Steven Soderbergh returns to feature filmmaking with what looks on paper like a slam-dunk: a caper movie in the mold of his successful Oceans series, but this time he trades the glitz and glamor of Las Vegas for the strip malls and race tracks of West Virginia. The change of venue is vital to the movie’s appeal, which is about a family of losers who mean to change their luck with an ingenious plan to steal a lot of money from a major Nascar event. Though the mechanics of the robbery are, as is normal with heist movies, overly elaborate and patently implausible, Soderbergh’s setup makes it all the more interesting. Jimmy Logan (Channing Tatum), a former high school football star, has, like many in his community, had to move away for work, in his case to North Carolina, where he builds factories and such. When he’s laid off he returns to West Virginia to find that his ex-wife (Katie Holmes) and her car salesman husband (David Denman) are planning on moving out of town with Jimmy’s daughter, Sadie (Farrah Mackenzie). Apparently, Jimmy’s misfortunes, according to his bartender brother Clyde (Adam Driver), a veteran who lost a hand in Iraq, are part of a family curse. Jimmy decides to break that curse by robbing the local track during a big Nascar race, but he needs help and endeavors to round up a crew consisting of Clyde, their sister Mellie (Riley Keough), an explosives expert with the unlikely name of Joe Bang (Daniel Craig, loving every inch of his faux Southern accent), and Joe’s two dimwit brothers (Jack Quaid, Brian Gleeson). Once this gang gets together and the friction starts, Soderbergh is in his element. He plays the various personalities off one another like a Stadivarius, confounding the viewer’s need to keep everything in check so as to not lose track of the vector of the plan and the success of the heist. We take for granted that Jimmy and Clyde are smarter than their partners in crime, but that knowledge is tested at various junctures during the execution of the plan, which involves elaborate impersonations and a fairly deep understanding of the psychology of race track habitues. At some point, however, the whole thing seems to run off the rails and Soderbergh’s peculiar genius for comprehending the audience’s comprehension comes into play. Along the way he is assisted enormously by some startlingly unusual cameos, particularly Seth MacFarlane as a profane race car driver and Hillary Swank as a not-clever-enough federal agent. It’s by no means a great movie, but it does what it sets out to do with little fuss and a great deal of skill. (photo: Incarcerated Industries Inc.)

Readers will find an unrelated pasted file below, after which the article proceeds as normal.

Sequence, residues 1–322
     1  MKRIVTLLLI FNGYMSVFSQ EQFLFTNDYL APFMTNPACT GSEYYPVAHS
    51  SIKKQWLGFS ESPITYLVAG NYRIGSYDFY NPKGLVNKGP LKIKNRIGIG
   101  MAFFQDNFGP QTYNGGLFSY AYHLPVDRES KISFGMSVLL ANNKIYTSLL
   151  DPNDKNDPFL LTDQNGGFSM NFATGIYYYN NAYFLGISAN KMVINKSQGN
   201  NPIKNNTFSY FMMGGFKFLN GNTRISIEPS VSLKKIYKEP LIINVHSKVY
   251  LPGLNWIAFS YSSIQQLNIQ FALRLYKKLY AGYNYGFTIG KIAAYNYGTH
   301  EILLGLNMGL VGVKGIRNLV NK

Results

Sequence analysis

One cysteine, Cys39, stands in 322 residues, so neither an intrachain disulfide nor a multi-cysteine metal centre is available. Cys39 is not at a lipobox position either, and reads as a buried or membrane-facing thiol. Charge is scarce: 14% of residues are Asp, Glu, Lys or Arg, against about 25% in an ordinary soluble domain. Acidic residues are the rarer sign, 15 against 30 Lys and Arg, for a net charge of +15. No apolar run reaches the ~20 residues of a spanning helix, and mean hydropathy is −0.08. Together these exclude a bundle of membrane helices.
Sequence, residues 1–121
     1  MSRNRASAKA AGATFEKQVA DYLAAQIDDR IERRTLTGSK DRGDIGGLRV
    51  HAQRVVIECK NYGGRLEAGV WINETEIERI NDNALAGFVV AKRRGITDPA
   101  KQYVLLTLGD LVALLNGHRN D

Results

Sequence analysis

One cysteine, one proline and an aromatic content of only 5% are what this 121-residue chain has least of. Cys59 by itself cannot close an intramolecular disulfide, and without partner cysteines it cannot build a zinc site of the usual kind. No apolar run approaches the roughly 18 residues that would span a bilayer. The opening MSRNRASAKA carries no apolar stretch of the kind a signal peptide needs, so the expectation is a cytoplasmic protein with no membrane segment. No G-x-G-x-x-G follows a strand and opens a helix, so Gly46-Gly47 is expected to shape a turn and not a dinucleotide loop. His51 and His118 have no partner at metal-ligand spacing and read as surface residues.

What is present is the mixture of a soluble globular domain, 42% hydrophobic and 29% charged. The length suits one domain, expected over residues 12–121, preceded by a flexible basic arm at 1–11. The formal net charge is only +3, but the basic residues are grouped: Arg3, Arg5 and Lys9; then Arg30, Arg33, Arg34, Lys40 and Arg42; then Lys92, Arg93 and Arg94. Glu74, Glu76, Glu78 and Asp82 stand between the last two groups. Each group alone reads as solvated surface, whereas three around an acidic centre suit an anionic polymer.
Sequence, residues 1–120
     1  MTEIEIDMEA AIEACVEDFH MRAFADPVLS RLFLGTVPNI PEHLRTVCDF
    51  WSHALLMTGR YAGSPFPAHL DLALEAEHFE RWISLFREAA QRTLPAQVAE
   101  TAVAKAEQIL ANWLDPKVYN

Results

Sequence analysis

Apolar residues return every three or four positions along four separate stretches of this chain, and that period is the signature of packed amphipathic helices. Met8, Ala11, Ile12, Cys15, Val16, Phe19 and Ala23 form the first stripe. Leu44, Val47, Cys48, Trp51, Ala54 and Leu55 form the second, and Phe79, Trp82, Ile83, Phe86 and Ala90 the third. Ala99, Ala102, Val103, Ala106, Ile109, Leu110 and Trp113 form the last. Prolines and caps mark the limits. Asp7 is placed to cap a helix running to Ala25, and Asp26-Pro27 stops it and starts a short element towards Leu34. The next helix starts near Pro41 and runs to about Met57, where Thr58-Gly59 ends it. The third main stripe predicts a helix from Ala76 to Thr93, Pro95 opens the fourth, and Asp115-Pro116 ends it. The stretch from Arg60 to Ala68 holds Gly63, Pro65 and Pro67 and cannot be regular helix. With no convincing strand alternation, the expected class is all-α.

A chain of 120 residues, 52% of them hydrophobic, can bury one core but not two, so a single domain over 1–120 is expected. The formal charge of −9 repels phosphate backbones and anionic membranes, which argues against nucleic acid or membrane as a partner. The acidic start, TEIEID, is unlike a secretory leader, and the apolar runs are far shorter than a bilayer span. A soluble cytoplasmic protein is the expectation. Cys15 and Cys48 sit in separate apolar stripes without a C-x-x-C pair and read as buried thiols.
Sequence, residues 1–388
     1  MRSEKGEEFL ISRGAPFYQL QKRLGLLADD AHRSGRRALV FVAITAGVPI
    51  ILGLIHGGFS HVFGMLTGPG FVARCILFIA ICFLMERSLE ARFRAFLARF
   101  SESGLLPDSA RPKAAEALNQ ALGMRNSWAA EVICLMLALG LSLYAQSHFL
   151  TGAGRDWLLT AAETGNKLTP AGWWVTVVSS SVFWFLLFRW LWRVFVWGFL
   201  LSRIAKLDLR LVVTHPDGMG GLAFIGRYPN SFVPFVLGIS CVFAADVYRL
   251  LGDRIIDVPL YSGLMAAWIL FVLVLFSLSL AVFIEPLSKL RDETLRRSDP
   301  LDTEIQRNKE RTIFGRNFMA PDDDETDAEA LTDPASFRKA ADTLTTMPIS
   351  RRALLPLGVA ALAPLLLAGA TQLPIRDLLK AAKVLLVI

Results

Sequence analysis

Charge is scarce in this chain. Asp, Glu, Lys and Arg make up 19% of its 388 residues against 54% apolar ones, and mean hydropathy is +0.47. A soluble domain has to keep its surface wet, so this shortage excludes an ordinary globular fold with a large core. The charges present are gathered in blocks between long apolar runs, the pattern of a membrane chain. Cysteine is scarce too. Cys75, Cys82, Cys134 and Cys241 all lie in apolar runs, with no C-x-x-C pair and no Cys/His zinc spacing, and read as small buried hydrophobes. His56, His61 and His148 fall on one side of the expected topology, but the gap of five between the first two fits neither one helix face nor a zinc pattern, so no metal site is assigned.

The Midwife